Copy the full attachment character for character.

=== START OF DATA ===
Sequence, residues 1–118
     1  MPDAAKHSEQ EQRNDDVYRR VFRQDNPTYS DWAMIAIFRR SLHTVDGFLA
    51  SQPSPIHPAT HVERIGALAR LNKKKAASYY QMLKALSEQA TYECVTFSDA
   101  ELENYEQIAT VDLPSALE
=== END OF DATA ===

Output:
Sequence, residues 1–118
     1  MPDAAKHSEQ EQRNDDVYRR VFRQDNPTYS DWAMIAIFRR SLHTVDGFLA
    51  SQPSPIHPAT HVERIGALAR LNKKKAASYY QMLKALSEQA TYECVTFSDA
   101  ELENYEQIAT VDLPSALE